Oregon gives DC Statehood a hearing, but Greater Idaho still waiting

Oregon Senate President Rob Wagner recently authorized a hearing for SJM 6, a bill that would urge Congress to grant statehood to Washington DC.

We hope he will hear people who are closer to home, in eastern Oregon, by granting a hearing on the Greater Idaho movement, which has won 11 county elections in eastern Oregon. Our bill SJM 2 has not gotten a hearing yet.

If Sen. Rob Wagner is willing to consider self-determination for DC, is he willing to consider self-determination and the consent of the governed – for eastern Oregon?

DC statehood would add 2 Democrats to the US Senate. If Oregon is interested in getting a DC statehood bill through the US House of Representatives, whose schedule is controlled by a Republican Speaker of the House, then is Oregon willing to balance DC statehood with statehood for an area that would add 2 Republicans to the US Senate? This might be the only way for DC statehood to be approved.

DC statehood is a serious movement that passed the US House of Representatives at least twice when Nancy Pelosi was Speaker.

Many citizens of eastern Oregon are interested in the possibility of becoming a new state. But eastern Oregon’s population, 380,000, is only 6% the population of the average state (6.6 million). Creating a new state out of eastern and southern Washington State, eastern and southern Oregon, and northernmost California would make more sense, if all three states were willing to cede these areas. Even without California, a state of only eastern & southern Washington and eastern & southern Oregon would have a population of over 3.4 million. The population of Washington DC is 690,000.

Unfortunately, we found in 2021 that the DC statehood movement was not interested in partnering with rural Oregon to help them get through the US Senate, perhaps because they believe their donors are only interested in adding Democrats to the US Senate. But is the Oregon Legislature interested?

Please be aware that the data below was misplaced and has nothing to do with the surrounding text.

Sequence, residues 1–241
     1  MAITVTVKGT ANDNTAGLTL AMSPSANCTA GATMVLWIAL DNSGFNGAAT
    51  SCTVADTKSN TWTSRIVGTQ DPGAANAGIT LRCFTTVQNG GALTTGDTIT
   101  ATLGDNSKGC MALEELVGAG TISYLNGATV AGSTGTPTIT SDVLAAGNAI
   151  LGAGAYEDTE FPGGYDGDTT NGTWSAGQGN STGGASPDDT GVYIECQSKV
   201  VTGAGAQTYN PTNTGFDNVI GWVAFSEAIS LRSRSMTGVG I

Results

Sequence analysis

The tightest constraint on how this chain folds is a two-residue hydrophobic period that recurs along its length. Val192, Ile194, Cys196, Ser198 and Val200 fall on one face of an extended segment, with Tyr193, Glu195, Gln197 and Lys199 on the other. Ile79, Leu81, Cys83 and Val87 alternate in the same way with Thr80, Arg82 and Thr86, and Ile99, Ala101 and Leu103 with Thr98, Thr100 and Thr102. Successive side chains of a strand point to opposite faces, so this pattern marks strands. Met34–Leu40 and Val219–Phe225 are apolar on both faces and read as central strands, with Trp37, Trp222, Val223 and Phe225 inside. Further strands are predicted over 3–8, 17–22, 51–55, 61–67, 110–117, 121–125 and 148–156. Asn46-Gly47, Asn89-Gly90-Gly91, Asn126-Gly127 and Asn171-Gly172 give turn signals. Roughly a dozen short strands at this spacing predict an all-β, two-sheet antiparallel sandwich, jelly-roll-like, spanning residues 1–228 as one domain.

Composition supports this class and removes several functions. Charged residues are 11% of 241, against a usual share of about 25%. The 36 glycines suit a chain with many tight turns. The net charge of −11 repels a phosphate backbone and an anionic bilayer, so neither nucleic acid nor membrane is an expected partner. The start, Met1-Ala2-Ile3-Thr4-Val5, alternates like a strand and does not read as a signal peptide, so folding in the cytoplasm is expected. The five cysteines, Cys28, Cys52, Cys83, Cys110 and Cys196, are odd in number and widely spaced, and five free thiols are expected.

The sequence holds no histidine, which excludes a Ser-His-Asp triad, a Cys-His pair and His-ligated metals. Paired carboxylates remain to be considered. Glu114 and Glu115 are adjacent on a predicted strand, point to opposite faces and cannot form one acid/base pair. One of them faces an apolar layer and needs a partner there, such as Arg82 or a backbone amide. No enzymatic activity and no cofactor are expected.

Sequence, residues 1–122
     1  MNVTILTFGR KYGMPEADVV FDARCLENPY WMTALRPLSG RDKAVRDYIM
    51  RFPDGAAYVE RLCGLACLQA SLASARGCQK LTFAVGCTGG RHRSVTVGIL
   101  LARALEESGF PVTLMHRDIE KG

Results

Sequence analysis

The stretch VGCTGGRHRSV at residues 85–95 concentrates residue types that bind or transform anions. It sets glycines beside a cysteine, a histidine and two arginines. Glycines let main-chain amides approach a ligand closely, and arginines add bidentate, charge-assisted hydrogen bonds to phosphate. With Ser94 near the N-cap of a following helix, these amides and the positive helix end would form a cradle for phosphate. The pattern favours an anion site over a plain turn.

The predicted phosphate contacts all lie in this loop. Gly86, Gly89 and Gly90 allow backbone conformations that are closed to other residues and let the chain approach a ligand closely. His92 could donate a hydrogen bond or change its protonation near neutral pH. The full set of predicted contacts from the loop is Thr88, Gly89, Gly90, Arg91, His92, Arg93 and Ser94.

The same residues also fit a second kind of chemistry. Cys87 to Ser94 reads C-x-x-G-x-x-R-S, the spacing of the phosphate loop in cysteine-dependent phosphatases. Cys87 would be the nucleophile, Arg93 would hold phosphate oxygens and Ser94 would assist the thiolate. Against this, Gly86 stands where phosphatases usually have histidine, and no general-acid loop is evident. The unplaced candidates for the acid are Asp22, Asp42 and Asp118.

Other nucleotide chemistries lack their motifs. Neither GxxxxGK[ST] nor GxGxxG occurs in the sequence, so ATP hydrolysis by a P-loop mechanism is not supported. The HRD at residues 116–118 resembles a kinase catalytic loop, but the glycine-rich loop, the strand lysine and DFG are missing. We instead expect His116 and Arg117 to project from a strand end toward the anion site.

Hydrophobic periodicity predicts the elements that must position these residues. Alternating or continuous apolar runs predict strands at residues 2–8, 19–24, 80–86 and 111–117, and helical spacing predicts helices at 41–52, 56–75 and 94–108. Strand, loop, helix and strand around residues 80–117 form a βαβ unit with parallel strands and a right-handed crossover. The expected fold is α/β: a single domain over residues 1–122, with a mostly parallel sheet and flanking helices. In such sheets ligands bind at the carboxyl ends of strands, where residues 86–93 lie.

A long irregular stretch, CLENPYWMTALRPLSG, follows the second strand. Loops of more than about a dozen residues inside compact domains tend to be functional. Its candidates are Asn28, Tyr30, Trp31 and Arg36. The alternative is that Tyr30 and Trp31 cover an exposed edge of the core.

We know that, if not paired with DC or Puerto Rican statehood, the Oregon Legislature would not want to allow eastern Oregon to add 2 Republicans to the US Senate, so we are offering the Greater Idaho proposal, which would cause eastern Oregon to share Idaho’s senators.

A top-rated pollster polled 1068 voters of northwestern Oregon in January 2022 and found that only 3% think that having eastern & southern Oregon in their state is worth the cost.

Here is a list of reasons for western Oregonians to let eastern Oregon go:

1. SAVE MONEY: The average wage earner in northwestern Oregon spends $690 in taxes to subsidize southern and eastern Oregon every year, according to an economic analysis funded by the Claremont Institute. Are you willing to keep paying that, just so that Oregon looks big on a map?

As long as Oregon relies on income taxes, the state is going to be subsidized by high-income areas like Portland. Oregon’s state government is not funded by property taxes.  As far as the state budget is concerned, people and their incomes matter – not land area.

2. END THE GRIDLOCK in the Legislature: Without these counties, Republicans in the Oregon Legislature would no longer have the numbers to deny quorum by walking out or slow the legislature by forcing bills to be read in full. Democrats would keep the supermajority needed to pass financial laws. Oregon would make progress, becoming more liberal than Washington state, although not as liberal as New York or California.

3. Conservatives of western Oregon get the opportunity to move to a red state and still live within driving distance of their family in western Oregon.

4. SELF-DETERMINATION: Moving the border allows each side of the state to get the kind of governance that is desired by the majority of its own residents. Oregon would no longer hold eastern Oregon captive against its will, and eastern Oregon votes would no longer affect Oregon elections.

5. NOT A LOSS: Only 3% of eastern Oregon is state-owned land – it’s almost all federal or private land. The state government’s assets and liabilities would be divided fairly on a per-capita basis.
No Republicans would be added to the US Senate or US House by this change. The effect on the electoral college would only be half an elector out of 538, or less than 0.1%. And since Idaho is already going to gain another US House seat in 2032 with or without eastern Oregon, the Republican seat that Oregon loses could be picked up by a blue state or a red state, meaning a 50% chance that Greater Idaho helps the Democrats in the US House and a 50% chance of not affecting the US House balance.

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